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Cultural Heritage / Trip Ideas

How did people in ancient China fight the summer heat?

By Minjun Xu

August 8

The Chinese have been looking for ways to cool off for millennia, creating some astounding inventions in the process.

The Chinese have been looking for ways to cool off for millennia, creating some astounding inventions in the process.

 It might be hard to imagine a world without any air-conditioners in a scorching summer. But do you know that people in ancient China explored various ways of making the mid-summer heat more tolerable? Here are a few of them.

1. Wind-up Fan 发条风扇

Wind-up Fan in Qing Dynasty [Image Credit: Beijing News Daily]
Wind-up Fan in Qing Dynasty [Image Credit: Beijing News Daily]
Fans are a common summer appliance in homes today, but according to Tiangong Kaiwu (天工开物, or The Exploitation of the Works of Nature), a Chinese encyclopedia from the Ming Dynasty, a primitive threshing tool called Yangshan (飏扇) that could also be used as a fan was invented in the Han Dynasty.

Yangshan (飏扇) for Threshing [Image Credit: Beijing News Daily]
Yangshan (飏扇) for Threshing [Image Credit: Beijing News Daily]
In the Qing Dynasty, wind-up fans became a feature of the imperial household. They were made by the Imperial Household Department (内务府) , and can be seen today at the National Palace Museum (故宫博物院) in Beijing.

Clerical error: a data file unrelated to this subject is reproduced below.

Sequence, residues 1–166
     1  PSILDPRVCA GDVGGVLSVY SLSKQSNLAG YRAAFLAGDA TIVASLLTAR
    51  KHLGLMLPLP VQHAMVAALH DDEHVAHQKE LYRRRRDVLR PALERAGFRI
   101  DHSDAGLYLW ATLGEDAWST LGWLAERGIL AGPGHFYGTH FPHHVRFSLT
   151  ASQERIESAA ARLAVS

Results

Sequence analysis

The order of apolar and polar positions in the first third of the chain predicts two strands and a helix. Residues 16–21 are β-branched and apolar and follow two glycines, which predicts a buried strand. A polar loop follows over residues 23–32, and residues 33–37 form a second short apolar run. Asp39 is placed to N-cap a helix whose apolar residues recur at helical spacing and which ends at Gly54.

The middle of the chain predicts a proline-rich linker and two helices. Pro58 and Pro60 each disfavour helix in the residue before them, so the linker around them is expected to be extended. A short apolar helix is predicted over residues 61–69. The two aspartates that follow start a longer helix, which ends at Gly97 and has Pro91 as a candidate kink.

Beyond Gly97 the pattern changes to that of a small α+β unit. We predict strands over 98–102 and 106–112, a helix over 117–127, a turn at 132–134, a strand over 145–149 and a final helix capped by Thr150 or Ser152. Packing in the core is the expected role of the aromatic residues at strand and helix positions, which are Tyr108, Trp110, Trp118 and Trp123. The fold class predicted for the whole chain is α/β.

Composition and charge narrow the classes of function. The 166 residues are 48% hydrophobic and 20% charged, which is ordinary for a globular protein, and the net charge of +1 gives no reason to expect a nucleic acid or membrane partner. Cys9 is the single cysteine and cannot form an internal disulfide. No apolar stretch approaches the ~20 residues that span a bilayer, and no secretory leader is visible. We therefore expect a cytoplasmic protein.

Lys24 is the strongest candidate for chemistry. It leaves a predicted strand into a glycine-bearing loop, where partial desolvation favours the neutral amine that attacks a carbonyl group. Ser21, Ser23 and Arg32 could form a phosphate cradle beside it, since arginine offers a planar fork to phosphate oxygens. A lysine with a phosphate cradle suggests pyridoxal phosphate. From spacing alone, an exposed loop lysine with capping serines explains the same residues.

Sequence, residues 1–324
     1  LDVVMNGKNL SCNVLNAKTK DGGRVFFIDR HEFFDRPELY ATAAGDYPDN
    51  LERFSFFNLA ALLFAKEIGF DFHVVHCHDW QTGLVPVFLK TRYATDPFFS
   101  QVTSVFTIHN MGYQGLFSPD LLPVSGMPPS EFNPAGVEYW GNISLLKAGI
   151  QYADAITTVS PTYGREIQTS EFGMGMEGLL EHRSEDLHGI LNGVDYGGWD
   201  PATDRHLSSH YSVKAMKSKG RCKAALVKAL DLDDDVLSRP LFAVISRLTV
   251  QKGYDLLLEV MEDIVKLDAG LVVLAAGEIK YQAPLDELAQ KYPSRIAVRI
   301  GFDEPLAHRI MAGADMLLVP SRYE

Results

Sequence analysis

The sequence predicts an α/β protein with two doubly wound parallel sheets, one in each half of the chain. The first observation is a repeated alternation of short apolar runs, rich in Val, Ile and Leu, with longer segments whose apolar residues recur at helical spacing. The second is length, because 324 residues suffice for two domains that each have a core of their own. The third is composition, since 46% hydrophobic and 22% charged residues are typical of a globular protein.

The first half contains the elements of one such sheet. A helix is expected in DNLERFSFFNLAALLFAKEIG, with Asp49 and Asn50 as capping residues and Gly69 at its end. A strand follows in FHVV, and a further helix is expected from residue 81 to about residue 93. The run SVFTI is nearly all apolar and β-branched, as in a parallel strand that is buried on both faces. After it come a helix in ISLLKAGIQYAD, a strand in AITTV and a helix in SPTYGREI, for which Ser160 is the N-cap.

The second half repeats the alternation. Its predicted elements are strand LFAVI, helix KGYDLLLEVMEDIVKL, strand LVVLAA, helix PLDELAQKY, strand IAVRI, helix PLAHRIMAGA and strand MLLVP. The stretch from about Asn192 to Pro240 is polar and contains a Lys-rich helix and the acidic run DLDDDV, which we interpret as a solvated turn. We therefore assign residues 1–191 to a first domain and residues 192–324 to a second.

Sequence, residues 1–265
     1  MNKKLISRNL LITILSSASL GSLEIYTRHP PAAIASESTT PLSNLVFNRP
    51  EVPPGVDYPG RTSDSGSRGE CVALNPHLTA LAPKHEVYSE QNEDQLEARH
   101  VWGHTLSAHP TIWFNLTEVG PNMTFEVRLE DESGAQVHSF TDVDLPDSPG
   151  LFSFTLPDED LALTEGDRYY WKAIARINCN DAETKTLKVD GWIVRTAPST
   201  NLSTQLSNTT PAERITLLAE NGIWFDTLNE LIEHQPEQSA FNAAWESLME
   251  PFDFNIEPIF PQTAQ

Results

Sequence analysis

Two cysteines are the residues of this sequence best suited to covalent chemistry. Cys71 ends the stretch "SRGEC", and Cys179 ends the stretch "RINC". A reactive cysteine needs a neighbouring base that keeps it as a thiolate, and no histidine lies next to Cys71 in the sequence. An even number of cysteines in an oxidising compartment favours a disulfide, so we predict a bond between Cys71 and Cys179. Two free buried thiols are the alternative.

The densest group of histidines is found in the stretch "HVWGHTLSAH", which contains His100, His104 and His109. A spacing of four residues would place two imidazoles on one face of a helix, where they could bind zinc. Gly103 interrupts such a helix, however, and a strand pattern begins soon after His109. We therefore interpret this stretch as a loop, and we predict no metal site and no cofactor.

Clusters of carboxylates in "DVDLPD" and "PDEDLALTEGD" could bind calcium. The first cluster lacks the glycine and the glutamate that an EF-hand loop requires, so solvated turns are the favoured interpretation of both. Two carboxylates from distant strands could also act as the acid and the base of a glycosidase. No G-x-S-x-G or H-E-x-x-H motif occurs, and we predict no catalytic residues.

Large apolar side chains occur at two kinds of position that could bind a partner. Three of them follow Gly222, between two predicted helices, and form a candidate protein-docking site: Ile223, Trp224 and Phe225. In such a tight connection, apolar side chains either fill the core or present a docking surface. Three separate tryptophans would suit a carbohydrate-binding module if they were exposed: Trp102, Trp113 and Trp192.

2. Porcelain Pillows瓷枕

White-glazed Boy-shaped Pillow, Ding Ware [Image Credit: news.xinhuanet.com]
White-glazed Boy-shaped Pillow, Ding Ware [Image Credit: news.xinhuanet.com]
Pillows influence sleep quality heavily, especially during hot nights. In China, people used pillows made of jade or porcelain to beat the heat. Originally used during the Sui Dynasty and popularized in the Tang, Song and Yuan dynasties, porcelain pillows were thought to improve health, especially one’s eyesight.

Some ancient porcelain pillows are still well-preserved in museums, such as the famous White-Glazed Boy-Shaped Pillow (宋定窑白釉孩儿枕) at the Palace Museum in Beijing.

4.  Ice Basin (Bing Jian) 冰鉴

Wine Vessel (Fou) and Ice Basin (Jian) [Image Credit: news.cctv.com]
Wine Vessel (Fou) and Ice Basin (Jian) [Image Credit: news.cctv.com]
The ice box, called Bing Jian (冰鉴), was invented in the early Warring States Period over 2000 years ago.

Most Bing Jian sets consisted of two vessels: one kept outside to store ice and another kept inside for cooling wine and fruits. Apart from being an ice box, the Bing Jian became a primitive air-conditioner by opening vents that let out cold air.

A wine vessel and ice basin discovered in an early Warring States Period tomb is now exhibited at the National Museum of China (国家博物馆).

4. Automatic Rain Pavilion (Ziyuting) 自雨亭

Restore Picture of Automatic Rain Pavilion [Image Credit: news.cctv.com]
Restore Picture of Automatic Rain Pavilion [Image Credit: news.cctv.com]
In the early Tang Dynasty, the rich built pavilions that cooled themselves. According to Tang Yulin (唐语林), written by Wang Tang during the Song Dynasty, a water wheel provided power to raise water to the pavilion’s eaves, which then flowed down  to imitate rain.

No original automatic rain pavilions can be found today. However, a reconstructed pavilion has been built in the Chongqing Expo Garden (重庆园博园) in Chongqing.

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